Identification of Sero-Diagnostic Antigens for the Early Diagnosis of Johne’s Disease using MAP Protein Microarrays

Lingling Li, John P. Bannantine, Joseph J. Campo, Arlo Randall, Yrjo T. Grohn, Megan A. Schilling, Robab Katani, Jessica Radzio-Basu, Laurel Easterling, Vivek Kapur

Research output: Contribution to journalArticle

Abstract

Considerable effort has been directed toward controlling Johne’s disease (JD), a chronic granulomatous intestinal inflammatory disease caused by Mycobacterium avium subsp. paratuberculosis (MAP) in cattle and other ruminants. However, progress in controlling the spread of MAP infection has been impeded by the lack of reliable diagnostic tests that can identify animals early in the infection process and help break the transmission chain. To identify reliable antigens for early diagnosis of MAP infection, we constructed a MAP protein array with 868 purified recombinant MAP proteins, and screened a total of 180 well-characterized serum samples from cows assigned to 4 groups based on previous serological and fecal test results: negative low exposure (NL, n = 30); negative high exposure (NH, n = 30); fecal-positive, ELISA-negative (F + E−, n = 60); and both fecal- and ELISA-positive (F + E+, n = 60). The analyses identified a total of 49 candidate antigens in the NH, F + E−, and F + E+ with reactivity compared with the NL group (p < 0.01), a majority of which have not been previously identified. While some of the antigens were identified as reactive in only one of the groups, others showed reactivity in multiple groups, including NH (n = 28), F + E− (n = 26), and F + E+ (n = 17) groups. Using combinations of top reactive antigens in each group, the results reveal sensitivities of 60.0%, 73.3%, and 81.7% in the NH, F + E−, and F + E+, respectively at 90% specificity, suggesting that early detection of infection in animals may be possible and enable better opportunities to reduce within herd transmission that may be otherwise missed by traditional serological assays that are biased towards more heavily infected animals. Together, the results suggest that several of the novel candidate antigens identified in this study, particularly those that were reactive in the NH and F + E− groups, have potential utility for the early sero-diagnosis of MAP infection.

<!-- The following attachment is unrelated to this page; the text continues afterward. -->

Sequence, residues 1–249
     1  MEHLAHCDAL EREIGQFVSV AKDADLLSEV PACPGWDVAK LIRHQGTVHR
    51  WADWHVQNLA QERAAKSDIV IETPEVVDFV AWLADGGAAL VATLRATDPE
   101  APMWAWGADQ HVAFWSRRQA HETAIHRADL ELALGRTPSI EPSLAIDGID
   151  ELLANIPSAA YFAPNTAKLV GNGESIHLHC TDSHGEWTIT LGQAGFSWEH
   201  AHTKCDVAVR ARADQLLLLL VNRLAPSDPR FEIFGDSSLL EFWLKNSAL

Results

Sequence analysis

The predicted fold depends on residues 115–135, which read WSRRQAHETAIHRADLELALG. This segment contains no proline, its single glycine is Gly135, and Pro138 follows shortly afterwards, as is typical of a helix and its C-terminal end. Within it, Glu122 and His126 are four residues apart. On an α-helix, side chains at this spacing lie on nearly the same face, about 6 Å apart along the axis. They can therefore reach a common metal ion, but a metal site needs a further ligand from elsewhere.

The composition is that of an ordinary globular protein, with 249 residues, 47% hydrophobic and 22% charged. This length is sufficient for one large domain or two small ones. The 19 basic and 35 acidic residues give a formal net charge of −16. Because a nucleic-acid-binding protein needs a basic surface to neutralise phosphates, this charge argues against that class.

Original languageEnglish (US)
Article number17573
JournalScientific reports
Volume9
Issue number1
DOIs
StatePublished - Dec 1 2019

    Fingerprint

All Science Journal Classification (ASJC) codes

  • General

Cite this